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SERM. the tempers and manners of men, when, III. from a doleful depravity, wherein reason and

conscience, and all the best sentiments and affections of human nature, seem to be loft or asleep, and all the designs and pursuits of men are directed by selfish inferior appetites, or contracted vitious propensities; when, I say, from this wretched degeneracy they are recovered to the love and practice of the things that are pure, and true, and just, and vene. rable, and virtuous ; to seek the things that are above, to approve the good and acceptable, and perfe&t will of God, and to walk in newness of life. These representations fhew the efficacy of the gospel and the grace of God, for effecting such a change in men ; but as it is all a voluntary change, wherein their own natural powers actively exert themselves, the whole is comprehended under the duty of Repentance. Still it is to be remember'd, that the effence of repenting, consists in prevailing good inclinations, contrary to the evil ones which had the ascendant before, and good works directly opposite to those wicked ones of which finners had been guilty. Thus, John Baptist who first deClared the coming of God's kingdom, and taught the doctrine of repentance for the remission of fins, when, having in general,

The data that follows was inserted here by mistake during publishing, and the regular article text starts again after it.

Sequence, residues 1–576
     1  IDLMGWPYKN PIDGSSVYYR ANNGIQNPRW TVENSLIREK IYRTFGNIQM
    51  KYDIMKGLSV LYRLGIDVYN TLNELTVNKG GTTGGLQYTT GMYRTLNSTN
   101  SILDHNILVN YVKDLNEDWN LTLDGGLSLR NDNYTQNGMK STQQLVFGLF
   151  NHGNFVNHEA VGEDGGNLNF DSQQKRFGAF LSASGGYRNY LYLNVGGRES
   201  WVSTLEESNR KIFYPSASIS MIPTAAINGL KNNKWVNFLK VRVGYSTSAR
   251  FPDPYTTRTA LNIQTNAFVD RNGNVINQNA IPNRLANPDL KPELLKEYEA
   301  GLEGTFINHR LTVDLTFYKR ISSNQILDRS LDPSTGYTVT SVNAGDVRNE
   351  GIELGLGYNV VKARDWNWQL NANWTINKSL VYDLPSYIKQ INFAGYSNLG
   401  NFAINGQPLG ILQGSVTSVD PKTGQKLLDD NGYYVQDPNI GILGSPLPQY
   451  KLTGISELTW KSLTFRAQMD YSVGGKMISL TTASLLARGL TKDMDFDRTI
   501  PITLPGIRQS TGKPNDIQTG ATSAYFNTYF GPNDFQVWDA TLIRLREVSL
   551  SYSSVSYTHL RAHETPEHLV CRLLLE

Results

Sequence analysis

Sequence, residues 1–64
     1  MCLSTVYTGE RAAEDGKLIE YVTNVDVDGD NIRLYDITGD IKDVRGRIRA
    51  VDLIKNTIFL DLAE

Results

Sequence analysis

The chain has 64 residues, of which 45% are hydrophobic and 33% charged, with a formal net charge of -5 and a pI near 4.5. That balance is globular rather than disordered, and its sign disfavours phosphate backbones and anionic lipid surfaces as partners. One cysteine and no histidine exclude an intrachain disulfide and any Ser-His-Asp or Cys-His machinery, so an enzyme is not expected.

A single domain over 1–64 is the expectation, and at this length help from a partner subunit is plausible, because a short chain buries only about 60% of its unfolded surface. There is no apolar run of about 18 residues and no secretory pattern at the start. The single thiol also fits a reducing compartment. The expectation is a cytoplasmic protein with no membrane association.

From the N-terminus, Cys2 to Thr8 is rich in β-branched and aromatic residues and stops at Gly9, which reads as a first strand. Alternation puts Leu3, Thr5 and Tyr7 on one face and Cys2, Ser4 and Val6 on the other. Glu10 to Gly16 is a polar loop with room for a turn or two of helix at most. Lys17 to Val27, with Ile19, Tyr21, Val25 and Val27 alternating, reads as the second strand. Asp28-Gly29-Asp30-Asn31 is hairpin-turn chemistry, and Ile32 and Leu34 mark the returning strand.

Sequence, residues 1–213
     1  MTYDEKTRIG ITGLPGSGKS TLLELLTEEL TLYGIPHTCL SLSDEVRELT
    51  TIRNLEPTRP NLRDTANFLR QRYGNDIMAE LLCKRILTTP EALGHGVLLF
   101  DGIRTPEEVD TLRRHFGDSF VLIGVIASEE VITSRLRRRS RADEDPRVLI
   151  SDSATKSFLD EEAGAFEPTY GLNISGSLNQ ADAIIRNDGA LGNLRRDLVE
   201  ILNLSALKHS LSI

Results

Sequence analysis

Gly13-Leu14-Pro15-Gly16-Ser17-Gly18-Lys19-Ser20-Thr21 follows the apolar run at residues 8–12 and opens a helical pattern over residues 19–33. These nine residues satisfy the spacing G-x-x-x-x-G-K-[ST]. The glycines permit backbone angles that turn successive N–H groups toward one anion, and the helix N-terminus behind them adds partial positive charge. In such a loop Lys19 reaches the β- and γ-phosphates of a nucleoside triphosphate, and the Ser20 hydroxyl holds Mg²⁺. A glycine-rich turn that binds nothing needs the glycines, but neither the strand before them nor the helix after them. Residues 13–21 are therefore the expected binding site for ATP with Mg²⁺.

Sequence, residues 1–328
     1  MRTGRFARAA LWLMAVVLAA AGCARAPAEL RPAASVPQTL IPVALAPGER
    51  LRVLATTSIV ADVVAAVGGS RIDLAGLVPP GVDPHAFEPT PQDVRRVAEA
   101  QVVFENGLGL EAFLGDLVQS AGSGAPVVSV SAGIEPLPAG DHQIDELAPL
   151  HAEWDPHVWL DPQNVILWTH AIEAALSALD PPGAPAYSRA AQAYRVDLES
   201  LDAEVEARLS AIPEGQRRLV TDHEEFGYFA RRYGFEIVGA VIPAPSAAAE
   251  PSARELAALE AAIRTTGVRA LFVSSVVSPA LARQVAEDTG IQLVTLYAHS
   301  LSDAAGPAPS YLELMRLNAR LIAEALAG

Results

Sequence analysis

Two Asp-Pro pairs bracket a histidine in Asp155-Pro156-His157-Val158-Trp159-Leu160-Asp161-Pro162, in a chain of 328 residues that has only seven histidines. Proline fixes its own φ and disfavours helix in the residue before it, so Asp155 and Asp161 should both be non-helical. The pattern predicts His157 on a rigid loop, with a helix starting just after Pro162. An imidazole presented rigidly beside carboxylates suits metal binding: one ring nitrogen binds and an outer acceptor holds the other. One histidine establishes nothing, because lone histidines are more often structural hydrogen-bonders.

exhorted his hearers to repent; they asked SERM. him more particularly what he meant by it, III. and what he would have them to do, ex. plains it thus, Luke iii. from ver. 11. accommodating his exhortation to their various circumstances; the common people he directed, instead of outward ceremonies and forms, in which the religion of that time chiefly consisted, to abound in works of fubftantial piety and charity, and to give out of their plenty for the relief of their indigent fellow-creatures; the collectors of taxes, called Publicans, he exhorted to perform what was given them in charge justly and mercifully, never extorting from any man more than what the due and faithful discharge of their trust required ; and the foldiers, that they should not behave themfelves infolently and oppressively, but be content with their wages. This was the Baptist's doctrine of repentance, and it may very eafily, by parity of reasons, be applied to all the various relations, circumstances, and conditions in human life. In general, let men forsake their wicked ways and unrighteous doings, and turn to the Lord, practising the virtues which are contrary to their former vices. - And in particular, Let him that stole, freal no more ; let him that has been covetous,